The United States Postal Service has made headlines in recent weeks due to President Donald Trump’s stated efforts to hamper mail-in voting during the upcoming general election. While many have identified Trump’s latest move as a deadly blow to democracy, what few realize is that the USPS has been under siege for decades. Mark Lloyd, a broadcast journalist and former general counsel to the Federal Communications Commission, joins Robert Scheer on this week’s installment of “Scheer Intelligence” to talk about the fascinating history of the USPS and its central role in American democracy from the very founding of the nation.
Lloyd, who is now a clinical professor of communication at the University of Southern California Annenberg School and the author of “Prologue to a Farce: Communication and Democracy in America,” reminds listeners that Congress was granted the power to establish a post office in Article 1 of the U.S. Constitution. To the communications scholar, however, the most interesting era of the post office begins with the Post Office Act of 1792.
“Part of what happened [in 1792] was James Madison said, ‘We are going to make sure that our post office ... works to make sure that people in our democracy can communicate with each other.’ And this was vital,” explains Lloyd. “It ended up being the most modern, the largest way of communicating in any government the world had ever seen, and it made the U.S. democracy possible.”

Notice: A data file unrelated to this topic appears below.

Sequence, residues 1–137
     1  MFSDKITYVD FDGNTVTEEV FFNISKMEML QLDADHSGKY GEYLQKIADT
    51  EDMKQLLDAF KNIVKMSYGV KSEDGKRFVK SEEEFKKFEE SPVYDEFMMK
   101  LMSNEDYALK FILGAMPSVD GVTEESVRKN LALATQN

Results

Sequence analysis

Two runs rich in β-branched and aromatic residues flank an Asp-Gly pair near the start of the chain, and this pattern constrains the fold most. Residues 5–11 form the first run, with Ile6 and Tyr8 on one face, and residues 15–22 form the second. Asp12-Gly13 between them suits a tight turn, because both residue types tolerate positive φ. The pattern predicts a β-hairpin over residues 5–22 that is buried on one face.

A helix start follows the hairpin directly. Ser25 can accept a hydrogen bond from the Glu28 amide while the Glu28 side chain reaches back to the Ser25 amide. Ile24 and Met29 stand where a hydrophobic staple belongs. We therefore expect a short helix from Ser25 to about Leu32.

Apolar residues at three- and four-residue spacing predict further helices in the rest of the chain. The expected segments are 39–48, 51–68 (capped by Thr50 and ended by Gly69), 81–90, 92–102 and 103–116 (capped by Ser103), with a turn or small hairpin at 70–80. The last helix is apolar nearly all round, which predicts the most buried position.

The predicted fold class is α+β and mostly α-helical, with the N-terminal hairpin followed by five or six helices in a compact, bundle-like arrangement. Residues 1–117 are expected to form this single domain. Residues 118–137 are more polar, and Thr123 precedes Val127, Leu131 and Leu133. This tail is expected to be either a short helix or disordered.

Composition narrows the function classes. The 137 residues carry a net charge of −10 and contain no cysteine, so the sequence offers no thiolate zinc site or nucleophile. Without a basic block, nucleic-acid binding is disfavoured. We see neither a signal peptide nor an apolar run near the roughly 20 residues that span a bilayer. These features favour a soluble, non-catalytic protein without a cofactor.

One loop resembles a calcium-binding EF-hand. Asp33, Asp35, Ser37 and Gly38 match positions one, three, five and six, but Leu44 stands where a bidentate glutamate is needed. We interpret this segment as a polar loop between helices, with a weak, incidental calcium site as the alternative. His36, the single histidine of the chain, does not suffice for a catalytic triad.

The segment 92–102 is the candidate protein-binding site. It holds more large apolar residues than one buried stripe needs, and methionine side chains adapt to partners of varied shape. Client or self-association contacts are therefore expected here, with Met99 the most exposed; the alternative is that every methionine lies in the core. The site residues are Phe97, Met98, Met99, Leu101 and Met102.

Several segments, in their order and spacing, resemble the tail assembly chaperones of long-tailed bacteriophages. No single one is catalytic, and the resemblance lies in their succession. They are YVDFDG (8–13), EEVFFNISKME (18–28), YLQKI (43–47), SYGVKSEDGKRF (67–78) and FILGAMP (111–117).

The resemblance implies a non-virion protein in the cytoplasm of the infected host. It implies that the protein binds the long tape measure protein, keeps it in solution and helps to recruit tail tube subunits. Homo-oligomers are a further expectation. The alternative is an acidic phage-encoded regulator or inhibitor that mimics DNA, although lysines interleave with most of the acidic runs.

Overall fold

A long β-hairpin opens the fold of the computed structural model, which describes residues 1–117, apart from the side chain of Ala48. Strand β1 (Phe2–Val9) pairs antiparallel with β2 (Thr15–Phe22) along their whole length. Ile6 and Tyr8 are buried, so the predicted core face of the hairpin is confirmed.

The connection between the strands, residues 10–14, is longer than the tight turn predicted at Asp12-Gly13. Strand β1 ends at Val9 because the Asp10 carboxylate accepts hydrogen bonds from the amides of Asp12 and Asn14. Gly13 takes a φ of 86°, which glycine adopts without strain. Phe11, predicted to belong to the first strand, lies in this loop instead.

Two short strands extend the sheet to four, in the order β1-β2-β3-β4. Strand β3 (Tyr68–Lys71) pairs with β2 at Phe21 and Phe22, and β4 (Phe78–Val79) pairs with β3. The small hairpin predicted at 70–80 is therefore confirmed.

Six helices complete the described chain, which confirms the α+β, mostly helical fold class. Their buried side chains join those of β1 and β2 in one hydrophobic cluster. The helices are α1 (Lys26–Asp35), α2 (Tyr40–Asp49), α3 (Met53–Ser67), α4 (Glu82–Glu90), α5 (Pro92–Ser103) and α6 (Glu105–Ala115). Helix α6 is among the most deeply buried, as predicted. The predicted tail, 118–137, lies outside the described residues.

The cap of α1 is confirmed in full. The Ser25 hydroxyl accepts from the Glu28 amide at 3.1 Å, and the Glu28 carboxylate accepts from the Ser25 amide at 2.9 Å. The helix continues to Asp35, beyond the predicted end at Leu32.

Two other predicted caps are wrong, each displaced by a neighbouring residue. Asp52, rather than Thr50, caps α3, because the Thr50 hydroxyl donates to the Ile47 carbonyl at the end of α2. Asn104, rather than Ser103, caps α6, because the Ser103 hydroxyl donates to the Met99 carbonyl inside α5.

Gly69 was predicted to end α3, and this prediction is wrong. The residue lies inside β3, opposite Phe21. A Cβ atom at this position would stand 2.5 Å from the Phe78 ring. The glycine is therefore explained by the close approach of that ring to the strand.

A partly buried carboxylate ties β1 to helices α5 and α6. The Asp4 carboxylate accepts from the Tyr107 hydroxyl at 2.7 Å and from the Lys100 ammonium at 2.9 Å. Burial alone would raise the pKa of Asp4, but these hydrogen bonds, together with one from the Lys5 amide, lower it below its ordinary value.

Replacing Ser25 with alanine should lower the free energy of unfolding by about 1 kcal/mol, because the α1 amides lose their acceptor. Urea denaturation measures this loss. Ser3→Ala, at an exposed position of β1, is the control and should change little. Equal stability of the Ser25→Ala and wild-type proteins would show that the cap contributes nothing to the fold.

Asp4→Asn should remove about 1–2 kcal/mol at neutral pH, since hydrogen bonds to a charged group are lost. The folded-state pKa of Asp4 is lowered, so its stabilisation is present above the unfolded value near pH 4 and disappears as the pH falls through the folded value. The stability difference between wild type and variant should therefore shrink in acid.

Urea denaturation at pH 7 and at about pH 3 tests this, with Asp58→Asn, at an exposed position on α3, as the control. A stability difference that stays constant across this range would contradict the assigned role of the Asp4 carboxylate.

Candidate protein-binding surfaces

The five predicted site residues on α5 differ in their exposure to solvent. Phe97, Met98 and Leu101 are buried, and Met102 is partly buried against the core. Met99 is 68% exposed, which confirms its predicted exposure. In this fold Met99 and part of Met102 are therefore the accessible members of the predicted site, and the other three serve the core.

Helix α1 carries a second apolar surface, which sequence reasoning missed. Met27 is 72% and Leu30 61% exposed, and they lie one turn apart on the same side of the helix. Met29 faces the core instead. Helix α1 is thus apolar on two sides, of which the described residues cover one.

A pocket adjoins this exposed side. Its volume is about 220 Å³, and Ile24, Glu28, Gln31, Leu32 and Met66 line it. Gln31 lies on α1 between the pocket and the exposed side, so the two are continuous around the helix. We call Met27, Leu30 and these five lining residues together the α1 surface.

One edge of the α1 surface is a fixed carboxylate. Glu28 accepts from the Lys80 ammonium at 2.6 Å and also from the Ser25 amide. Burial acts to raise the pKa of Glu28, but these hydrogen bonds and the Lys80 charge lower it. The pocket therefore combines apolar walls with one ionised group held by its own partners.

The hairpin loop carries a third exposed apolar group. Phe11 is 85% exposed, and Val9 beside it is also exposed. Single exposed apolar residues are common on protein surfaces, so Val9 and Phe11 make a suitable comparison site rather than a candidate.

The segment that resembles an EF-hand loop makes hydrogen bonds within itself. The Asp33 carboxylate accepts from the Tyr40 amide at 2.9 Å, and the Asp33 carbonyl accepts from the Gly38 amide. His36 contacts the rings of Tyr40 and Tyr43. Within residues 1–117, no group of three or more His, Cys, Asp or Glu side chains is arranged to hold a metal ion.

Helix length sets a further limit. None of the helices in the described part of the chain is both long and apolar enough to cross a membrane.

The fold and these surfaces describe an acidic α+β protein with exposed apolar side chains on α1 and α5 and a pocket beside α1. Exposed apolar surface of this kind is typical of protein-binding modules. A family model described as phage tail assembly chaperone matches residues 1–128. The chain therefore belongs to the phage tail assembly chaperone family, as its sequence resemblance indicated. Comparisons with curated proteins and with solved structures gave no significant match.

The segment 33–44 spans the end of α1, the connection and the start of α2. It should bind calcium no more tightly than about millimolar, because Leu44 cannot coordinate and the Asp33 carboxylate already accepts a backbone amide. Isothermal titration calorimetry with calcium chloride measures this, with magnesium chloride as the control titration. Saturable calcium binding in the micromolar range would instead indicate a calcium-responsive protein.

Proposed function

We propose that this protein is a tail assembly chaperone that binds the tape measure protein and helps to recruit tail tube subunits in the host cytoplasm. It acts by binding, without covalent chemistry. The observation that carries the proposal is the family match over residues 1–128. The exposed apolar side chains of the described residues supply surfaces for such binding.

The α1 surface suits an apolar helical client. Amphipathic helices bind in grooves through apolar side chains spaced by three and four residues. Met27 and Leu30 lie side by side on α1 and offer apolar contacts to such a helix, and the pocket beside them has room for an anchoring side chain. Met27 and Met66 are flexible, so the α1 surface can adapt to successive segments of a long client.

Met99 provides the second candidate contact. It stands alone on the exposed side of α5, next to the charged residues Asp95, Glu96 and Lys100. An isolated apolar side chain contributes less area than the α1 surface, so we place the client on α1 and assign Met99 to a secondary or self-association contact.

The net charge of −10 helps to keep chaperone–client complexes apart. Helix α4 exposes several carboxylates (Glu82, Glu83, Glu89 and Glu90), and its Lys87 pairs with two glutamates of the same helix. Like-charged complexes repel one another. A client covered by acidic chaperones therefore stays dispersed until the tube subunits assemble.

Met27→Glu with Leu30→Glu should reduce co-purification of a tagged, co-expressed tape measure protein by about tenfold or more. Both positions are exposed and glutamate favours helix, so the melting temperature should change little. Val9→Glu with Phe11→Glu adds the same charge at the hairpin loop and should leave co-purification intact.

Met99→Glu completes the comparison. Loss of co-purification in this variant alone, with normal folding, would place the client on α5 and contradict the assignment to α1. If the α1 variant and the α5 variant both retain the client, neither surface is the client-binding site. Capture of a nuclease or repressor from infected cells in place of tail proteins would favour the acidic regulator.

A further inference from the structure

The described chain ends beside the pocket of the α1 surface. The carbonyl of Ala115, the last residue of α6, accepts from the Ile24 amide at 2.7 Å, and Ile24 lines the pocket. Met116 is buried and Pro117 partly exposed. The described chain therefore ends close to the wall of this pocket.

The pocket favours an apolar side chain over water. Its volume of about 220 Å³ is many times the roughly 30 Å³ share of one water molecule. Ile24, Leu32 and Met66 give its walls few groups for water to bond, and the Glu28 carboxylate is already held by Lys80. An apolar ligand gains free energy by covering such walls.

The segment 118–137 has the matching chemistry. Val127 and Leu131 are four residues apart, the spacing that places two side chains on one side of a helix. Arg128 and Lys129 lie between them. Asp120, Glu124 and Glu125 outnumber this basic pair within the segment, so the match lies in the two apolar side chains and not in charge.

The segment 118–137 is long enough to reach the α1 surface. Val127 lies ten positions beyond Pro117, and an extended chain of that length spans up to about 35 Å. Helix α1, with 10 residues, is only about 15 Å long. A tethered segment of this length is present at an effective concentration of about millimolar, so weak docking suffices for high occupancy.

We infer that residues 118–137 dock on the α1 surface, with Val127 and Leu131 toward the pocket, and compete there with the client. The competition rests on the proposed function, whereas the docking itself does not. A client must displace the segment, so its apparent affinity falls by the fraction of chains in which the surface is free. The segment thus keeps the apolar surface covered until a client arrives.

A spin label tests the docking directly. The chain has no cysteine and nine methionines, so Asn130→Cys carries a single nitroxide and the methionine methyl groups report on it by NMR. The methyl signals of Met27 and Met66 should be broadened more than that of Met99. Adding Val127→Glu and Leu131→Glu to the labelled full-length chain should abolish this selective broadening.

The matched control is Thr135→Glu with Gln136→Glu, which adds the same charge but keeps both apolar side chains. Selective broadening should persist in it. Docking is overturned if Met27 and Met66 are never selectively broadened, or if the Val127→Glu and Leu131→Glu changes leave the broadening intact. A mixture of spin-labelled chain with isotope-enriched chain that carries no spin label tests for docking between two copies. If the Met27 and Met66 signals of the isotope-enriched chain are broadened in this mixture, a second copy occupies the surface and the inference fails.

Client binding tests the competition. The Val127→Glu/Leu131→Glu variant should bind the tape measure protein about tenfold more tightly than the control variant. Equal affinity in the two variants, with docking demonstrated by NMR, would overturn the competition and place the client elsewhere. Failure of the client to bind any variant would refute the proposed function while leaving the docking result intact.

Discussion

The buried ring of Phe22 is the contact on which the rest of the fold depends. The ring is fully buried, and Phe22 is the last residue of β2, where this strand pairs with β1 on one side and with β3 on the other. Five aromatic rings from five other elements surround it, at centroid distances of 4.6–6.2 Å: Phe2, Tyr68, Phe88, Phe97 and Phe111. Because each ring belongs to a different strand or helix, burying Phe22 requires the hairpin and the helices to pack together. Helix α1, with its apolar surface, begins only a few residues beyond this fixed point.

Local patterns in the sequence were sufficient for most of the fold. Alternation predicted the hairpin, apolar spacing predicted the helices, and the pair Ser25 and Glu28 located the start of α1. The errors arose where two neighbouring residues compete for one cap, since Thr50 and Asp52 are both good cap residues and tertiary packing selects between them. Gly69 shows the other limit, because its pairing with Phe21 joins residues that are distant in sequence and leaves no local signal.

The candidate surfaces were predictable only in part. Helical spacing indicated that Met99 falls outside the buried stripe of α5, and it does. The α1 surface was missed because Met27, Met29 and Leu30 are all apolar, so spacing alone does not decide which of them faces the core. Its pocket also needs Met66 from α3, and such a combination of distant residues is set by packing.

This essential ability to communicate, especially with regard to what the American government should do for its people, has become increasingly imperiled since the Great Depression, Lloyd tells Scheer. After the economic crisis, a combination of funding cuts and a toxic, bipartisan ideology that the government needs to be increasingly diminished brought a once great federal service to its knees. Listen to the full discussion between Lloyd and Scheer as the two discuss how the most popular federal service went from a cherished and protected public utility to a political battleground being used to impoverish the very democratic values the U.S. purportedly promotes around the globe.